The United States entered the new decade with a global pandemic affecting people, economies, and education at levels not seen since the great World Wars. The COVID-19 pandemic has captured society’s full attention, as we have seen the worldwide death toll mount to over 210,000 in less than a year. And, while our collective focus remains on the coronavirus, the sad realities of other afflictions in the United States, including opioid misuse and substance use disorder, remain. In 2019, nearly 70,000 Americans died of opioid misuse—a death count of a magnitude that has held consistent for almost a decade.
In 2020, Fors Marsh Group (FMG) began one of its most important and enterprising efforts with its Social Engagement through Research-Centered Volunteerism (SERV) program: a company-wide initiative to improve the resourcing and support of recovery programs for people who are in early recovery and overcoming substance use disorder, in partnership with the Global Recovery Initiatives Foundation (GRI).
“The lack of government funding for addiction recovery is a significant gap in the fight to end opioid addiction. Although many family and community foundations are eager to contribute to recovery funding, there is no coordinated effort to provide recovery resources that unite these organizations,” said Ben Garthwaite, FMG CEO. “With our research and communication services, FMG and GRI are leading the way in an effort to coordinate recovery services and resources available nationwide that reduce stigma associated with substance use disorder.”
One of the initial efforts FMG undertook this summer was holding the Recovery Research Summit with GRI. The summit brought together a diverse group of 213 participants, including recovery researchers, academic institutions, and senior government officials from the Department of Health and Human Services (HHS), Office of National Drug Control Policy (ONDCP), Centers for Disease Control and Prevention (CDC), Substance Abuse and Mental Health Services Administration (SAMHSA), and the National Institutes of Health (NIH). ONDCP Director James Carroll opened the summit and U.S. Surgeon General Jerome Adams and Dr. Wesley Clark provided closing remarks.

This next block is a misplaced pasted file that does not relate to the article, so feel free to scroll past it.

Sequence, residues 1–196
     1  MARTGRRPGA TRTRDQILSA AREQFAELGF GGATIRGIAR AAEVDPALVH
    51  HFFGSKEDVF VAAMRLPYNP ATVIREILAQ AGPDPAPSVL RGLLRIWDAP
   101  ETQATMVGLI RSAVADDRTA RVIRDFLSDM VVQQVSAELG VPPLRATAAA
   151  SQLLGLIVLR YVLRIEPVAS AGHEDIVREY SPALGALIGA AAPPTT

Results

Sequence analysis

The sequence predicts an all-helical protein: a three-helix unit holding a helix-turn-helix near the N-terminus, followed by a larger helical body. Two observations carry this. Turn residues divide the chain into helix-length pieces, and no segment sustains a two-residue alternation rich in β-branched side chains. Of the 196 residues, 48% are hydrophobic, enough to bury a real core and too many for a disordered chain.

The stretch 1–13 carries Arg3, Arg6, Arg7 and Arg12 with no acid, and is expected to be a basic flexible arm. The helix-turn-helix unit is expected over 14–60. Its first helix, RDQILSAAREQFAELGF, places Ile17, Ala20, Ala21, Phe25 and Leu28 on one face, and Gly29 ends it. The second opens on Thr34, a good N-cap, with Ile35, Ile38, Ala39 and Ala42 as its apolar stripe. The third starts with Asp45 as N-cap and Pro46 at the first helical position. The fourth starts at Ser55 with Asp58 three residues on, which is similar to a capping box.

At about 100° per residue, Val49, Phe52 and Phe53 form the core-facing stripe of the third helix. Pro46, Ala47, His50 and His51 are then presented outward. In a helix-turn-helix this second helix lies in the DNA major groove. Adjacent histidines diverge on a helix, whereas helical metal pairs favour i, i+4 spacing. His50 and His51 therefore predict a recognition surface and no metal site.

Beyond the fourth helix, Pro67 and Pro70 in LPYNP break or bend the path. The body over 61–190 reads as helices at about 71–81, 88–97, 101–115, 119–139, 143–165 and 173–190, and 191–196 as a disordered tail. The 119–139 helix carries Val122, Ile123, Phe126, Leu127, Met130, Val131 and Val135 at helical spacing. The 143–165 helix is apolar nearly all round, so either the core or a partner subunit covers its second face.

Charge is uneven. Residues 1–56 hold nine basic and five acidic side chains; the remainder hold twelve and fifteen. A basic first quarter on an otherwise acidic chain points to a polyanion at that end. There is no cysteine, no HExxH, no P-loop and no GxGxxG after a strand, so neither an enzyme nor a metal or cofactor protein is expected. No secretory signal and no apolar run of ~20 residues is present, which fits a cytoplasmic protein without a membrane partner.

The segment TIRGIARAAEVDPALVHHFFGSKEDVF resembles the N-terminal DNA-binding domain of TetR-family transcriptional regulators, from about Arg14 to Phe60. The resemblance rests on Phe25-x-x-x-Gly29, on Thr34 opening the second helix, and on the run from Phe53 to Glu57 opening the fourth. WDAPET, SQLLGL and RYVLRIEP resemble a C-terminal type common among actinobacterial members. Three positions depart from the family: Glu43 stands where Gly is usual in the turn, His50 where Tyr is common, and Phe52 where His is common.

In September, National Recovery Month, there were several professional and advocacy-related programs around the country to increase awareness and support for recovery and to share best practices from the local to the national level. To explore the value that recovery organizations bring to communities across the country, FMG and GRI held a series of webinars to help family members and their loved ones develop powerful strategies to combat the impact of shame and stigma around substance use disorder.
In 2021, FMG will continue to conduct research and advocate for the increased recognition and resourcing of recovery programs across the United States. We will encourage a greater research focus in the area of recovery, propose greater involvement in funding recovery research and programs from private sector funding, provide platforms to request greater federal funding, and address racial and ethnic disparities in recovery.
If you’d like to join us on this mission, contact us.